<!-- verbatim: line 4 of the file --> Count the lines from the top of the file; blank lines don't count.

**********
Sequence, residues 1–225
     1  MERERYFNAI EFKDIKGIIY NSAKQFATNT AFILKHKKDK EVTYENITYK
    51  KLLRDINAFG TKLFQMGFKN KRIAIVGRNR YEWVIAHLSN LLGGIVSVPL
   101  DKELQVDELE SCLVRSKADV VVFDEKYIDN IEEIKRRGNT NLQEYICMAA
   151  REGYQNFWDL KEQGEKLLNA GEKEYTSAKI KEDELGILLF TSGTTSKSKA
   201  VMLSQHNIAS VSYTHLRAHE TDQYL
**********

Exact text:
   101  DKELQVDELE SCLVRSKADV VVFDEKYIDN IEEIKRRGNT NLQEYICMAA